The Office of Science and Technology Policy Issues a Report on the Environmental Impact of Cryptoassets

Skadden Publication / The Distributed Ledger: Blockchain, Digital Assets and Smart Contracts

Stuart D. Levi Gabriella Manduca

On September 8, 2022, the Office of Science and Technology Policy (OSTP) issued its report on the impact of distributed ledger technology on climate change and U.S. environmental policy, as directed under President Biden’s March 9, 2022 Executive Order on “Ensuring Responsible Development of Digital Assets.” The OSTP report, titled “Climate and Energy Implications of Crypto-Assets in the United States” (Report), is the first of a series by different government agencies required by the Executive Order.1

In the Report, the OSTP recognizes the importance of cryptoassets to American financial innovation, as well as the significant climate and energy effects of distributed ledger technologies (DLTs) and cryptoasset use, with an emphasis on encouraging responsible development. The Report’s publication coincides with Ethereum’s transition from a proof of work to a proof of stake consensus mechanism — a move that will significantly upgrade the energy efficiency of the Ethereum blockchain’s transaction validation method.

The OSTP’s Mandate

The Biden Executive Order was designed to support responsible digital asset development in accordance with the U.S.’s policy objectives. It directed the OSTP (in conjunction with various other federal agencies) to analyze the effects of DLTs on the environment, their role in advancing climate change efforts globally, and the connections between DLTs and economic and energy transitions.

In furtherance of this mandate, the OSTP’s Report examines concepts, which include the impacts DLTs have on the environment (including the energy impacts of cryptocurrencies’ consensus mechanisms), potential alternatives and the relevant tradeoffs those may entail; the connections between DLTs and economic and energy transitions (including such technology’s effect on grid management, energy reliability and energy efficiency initiatives); and the industry changes required to further mitigate climate change globally.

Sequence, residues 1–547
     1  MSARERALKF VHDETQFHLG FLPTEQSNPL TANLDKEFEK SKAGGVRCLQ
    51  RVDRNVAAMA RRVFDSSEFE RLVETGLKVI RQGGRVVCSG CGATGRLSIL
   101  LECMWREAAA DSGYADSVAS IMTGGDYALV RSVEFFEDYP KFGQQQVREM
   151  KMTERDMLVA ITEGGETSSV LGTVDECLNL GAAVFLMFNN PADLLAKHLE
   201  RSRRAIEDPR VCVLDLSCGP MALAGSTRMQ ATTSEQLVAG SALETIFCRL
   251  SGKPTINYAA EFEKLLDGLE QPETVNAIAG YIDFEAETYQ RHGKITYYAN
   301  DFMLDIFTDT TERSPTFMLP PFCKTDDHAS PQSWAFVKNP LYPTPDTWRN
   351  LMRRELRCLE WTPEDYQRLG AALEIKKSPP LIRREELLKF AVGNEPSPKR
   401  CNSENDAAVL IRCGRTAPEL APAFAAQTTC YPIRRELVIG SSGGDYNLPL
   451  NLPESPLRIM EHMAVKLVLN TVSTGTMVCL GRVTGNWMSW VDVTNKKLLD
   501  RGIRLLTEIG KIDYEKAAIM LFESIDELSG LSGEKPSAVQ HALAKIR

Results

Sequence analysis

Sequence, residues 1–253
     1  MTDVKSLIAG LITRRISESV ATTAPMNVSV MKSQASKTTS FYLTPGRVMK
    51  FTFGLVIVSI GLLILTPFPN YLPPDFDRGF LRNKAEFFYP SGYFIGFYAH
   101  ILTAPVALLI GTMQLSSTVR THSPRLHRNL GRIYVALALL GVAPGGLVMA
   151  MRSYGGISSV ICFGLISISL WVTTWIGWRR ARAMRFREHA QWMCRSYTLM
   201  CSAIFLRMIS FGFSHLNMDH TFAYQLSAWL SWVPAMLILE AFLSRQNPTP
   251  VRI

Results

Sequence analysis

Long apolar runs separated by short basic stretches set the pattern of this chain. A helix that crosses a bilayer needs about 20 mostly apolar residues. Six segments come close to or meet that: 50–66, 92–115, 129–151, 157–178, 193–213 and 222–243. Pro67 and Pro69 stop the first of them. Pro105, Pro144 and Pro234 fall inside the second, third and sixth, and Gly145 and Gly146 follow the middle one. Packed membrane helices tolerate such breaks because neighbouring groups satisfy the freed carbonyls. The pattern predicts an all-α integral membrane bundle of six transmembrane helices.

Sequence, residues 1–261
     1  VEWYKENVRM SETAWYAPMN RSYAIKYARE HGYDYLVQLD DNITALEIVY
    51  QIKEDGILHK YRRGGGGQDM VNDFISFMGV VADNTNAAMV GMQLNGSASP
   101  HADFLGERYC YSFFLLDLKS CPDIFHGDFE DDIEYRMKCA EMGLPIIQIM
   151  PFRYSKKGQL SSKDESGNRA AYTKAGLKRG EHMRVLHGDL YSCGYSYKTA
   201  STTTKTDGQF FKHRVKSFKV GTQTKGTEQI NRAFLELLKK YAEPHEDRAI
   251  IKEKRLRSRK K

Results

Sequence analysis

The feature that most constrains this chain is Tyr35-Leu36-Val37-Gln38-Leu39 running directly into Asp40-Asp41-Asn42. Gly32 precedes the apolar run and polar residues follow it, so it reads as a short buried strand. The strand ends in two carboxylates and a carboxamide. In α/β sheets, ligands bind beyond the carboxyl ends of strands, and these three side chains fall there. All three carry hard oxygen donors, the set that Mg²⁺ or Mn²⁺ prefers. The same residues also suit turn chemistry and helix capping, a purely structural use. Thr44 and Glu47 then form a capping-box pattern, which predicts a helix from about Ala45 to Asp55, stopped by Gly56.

Cryptoassets and the Climate

According to the Report, cryptoassets use significant amounts of electricity with a notable carbon footprint, creating tension between U.S. efforts to reduce “climate-driven damages” and the financial and other benefits cryptoassets promise. The OSTP cites the U.S.’s commitments to reduce greenhouse gas emissions by 50% to 52% below 2005 levels by 2030; to achieve a carbon pollution-free electricity grid by 2035; to reach net-zero emissions by 2050; and to prioritize environmental justice concerns in accomplishing these goals. However, “[d]epending on the energy intensity of the technology used, crypto-assets could hinder broader efforts to achieve net-zero carbon pollution consistent with U.S. climate commitments and goals.”2

The Report states that cryptoasset technologies generally require substantial electricity for asset generation, ownership and transaction. The OSTP notes that energy demands in cryptoasset networks arise out of four major functions — data storage, computing, cooling and data communications — with computing using the considerable majority of electricity. In turn, the electricity consumption supporting these functions contributes to greenhouse gas emissions and pollution and causes other local impacts, including stressed power infrastructure, grid instability and energy price hikes for local consumers due to greater demand from cryptoasset miners.

The OSTP also notes in its report that the use of cryptoassets and DLTs continues to expand rapidly, bringing increases in mining and computing activity along with a corresponding increase in energy consumption. U.S. electricity usage for cryptoasset mining is estimated to have tripled since January 2021, and globally, estimates project the annualized electricity consumption for cryptoassets doubling or even quadrupling between 2018 and 2022.3

In the Report, the OSTP also compares cryptoassets’ energy consumption to that incurred in connection with other, traditional financial transactions. The Report concludes that, although direct comparisons between cryptoasset transactions and Visa, MasterCard or American Express transactions are difficult to draw, those three institutions combined reported about 0.5 billion kWh of electricity usage in 2020, inclusive of all operations (including electronic payments), whereas Bitcoin was expected to use 68 billion kWh and Ethereum 8 billion kWh in the same year: “[I]n other words, these three entities consumed less than 1% of the electricity that Bitcoin and Ethereum used that same year, despite processing many times the number of on-chain transactions and supporting their broader corporate operations.”4

Consensus Mechanisms and Varied Electricity Usage

As noted, the Report states that energy use in a cryptoasset network is largely concentrated in the computing function, but concedes that, within the computing space, energy usage varies depending on the consensus mechanism the cryptoasset uses to validate transactions, and has the benefit of creating high barriers to fraudulent transactions and achieving overall system reliability.